Awardee Interviews | Biography: Miquel Salmeron

Miquel Salmeron

miquel-salmeron-08.jpgDr. Miquel Salmeron, Lawrence Berkeley National Laboratory, “for seminal contributions to the development of surface characterization techniques usable in a variety of environments and their application to catalysis, tribology and related surface phenomena.”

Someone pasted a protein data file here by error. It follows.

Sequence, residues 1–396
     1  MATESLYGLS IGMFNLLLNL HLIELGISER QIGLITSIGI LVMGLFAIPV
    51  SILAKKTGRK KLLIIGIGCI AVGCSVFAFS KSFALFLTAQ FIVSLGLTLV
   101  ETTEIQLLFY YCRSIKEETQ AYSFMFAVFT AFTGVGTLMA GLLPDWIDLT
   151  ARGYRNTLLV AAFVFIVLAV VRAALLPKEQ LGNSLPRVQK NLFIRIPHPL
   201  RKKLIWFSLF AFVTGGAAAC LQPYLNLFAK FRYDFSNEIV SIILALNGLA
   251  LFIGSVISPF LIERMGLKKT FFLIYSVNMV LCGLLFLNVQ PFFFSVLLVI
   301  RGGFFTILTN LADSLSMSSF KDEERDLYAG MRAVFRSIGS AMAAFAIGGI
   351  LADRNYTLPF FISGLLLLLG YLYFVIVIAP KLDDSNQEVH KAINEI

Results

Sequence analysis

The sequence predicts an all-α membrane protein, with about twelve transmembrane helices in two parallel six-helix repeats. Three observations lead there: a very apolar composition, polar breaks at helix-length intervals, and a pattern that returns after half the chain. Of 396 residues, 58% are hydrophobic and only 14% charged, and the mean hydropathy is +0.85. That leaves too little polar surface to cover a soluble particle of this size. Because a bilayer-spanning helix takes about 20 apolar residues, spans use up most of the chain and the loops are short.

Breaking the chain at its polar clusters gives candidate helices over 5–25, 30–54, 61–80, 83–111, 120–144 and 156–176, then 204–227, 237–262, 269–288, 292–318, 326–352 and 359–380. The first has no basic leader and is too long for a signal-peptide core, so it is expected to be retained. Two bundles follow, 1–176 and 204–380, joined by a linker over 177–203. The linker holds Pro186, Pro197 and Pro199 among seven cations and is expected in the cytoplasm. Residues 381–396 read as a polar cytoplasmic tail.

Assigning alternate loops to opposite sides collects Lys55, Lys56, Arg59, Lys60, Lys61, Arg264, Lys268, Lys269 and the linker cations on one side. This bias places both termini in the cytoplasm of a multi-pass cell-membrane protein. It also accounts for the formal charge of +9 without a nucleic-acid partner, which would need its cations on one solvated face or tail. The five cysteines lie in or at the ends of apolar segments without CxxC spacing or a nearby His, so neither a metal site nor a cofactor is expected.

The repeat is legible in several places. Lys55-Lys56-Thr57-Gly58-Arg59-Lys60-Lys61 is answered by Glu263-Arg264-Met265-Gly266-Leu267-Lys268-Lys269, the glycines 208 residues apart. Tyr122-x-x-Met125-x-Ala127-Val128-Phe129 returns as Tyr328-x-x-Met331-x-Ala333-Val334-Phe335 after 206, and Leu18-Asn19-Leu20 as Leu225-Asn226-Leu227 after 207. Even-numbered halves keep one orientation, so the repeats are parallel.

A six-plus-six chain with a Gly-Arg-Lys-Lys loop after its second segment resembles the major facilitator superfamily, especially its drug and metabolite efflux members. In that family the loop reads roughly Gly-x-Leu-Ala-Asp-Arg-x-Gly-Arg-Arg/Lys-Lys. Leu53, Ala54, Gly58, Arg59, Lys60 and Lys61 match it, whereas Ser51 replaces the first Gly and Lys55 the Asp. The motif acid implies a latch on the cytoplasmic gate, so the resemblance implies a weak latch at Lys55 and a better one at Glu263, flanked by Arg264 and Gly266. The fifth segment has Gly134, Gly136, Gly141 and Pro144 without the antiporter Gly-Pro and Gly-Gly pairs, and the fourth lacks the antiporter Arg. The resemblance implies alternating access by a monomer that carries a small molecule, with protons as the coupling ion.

Miquel Salmeron is a Senior Scientist at the Lawrence Berkeley National Laboratory (LBNL), and Scientific Director of the Imaging Facility of the Molecular Foundry, the Nanoscience Research Center in Berkeley. He is also Adjunct Professor in the Materials Science and Engineering Department of the University of California at Berkeley. His work spans several areas of surface science, including structure, reactivity, wetting and friction phenomena, with emphasis in the molecular level. He studied Physics at the University of Barcelona in Spain, and obtained a Ph.D. at the Universidad Autonoma of Madrid in 1975. Following postdoctoral work at the LBNL he held a joint appointment as a professor of physics at the Universidad Autonoma de Madrid and at the Consejo Superior de Investigaciones Cientificas. During this period he studied growth of metals on metals using electron spectroscopy and He atom scattering. In 1984 Dr. Salmeron moved to the LBNL, where he developed a research program on surface phenomena based on the application of the recently invented Scanning Tunneling and Atomic Force Microscopes (STM, AFM), which he applied to study diffusion of atoms and molecules, including S, CO, and water on Pt, Re, Ni, Ru and Pd. He discovered the enormous enhancement of diffusivity of water when it formed dimers. He unveiled the nature of active sites in many surface reactions, including water formation from O and H, H2 dissociation, and others. He has made major contributions to the understanding of atomic level phenomena important in tribology, the science of friction, adhesion, and wear, showing how energy losses in friction are connected with elementary excitation processes, including phonons, molecular deformations (gauche defects, tilts), and creation of surface point defects. Dr. Salmeron consistently applies theoretical methods, developed with colleague theorists in his group and with collaborators in institutions worldwide, to help interpret STM images. His work emphasizes the importance of interpreting images with the help of calculations. Dr. Salmeron pioneered the development of novel instrumentation that opened the way for studies of surfaces under environmental conditions of pressure and temperature, in humid environments and in chemical reactors. These include high pressure STM and Ambient Pressure Photoelectron Spectroscopy (APPES). He used these to determine the structure of surfaces under reaction conditions, the melting of ice near the triple point and the preferential segregation of anions at the surface of aqueous solutions. Dr. Salmeron has pioneered the application of nanoscale imaging methods to study wetting phenomena of liquids, including water, perfluorinated lubricants, liquid crystals and others. In the case of alkali halides he showed how water adsorbs and solvates first the ions at the step edges and later in the rest of the surface. Dr. Salmeron has published over 350 articles and imparted numerous talks in Academia, Industry and International Meetings. His papers have received more than 10,500 citations. He was elected Fellow of the American Physical Society in 1996 and of AVS in 2003. He serves in the Editorial Board of Surface Science and Tribology Letters.

 


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